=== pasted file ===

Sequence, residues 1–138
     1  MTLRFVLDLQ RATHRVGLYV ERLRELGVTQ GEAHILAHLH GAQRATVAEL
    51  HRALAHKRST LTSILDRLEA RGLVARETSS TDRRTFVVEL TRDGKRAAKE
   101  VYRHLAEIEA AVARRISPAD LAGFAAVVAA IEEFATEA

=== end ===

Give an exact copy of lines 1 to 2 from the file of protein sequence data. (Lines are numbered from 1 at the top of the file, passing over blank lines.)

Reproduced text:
Sequence, residues 1–138
     1  MTLRFVLDLQ RATHRVGLYV ERLRELGVTQ GEAHILAHLH GAQRATVAEL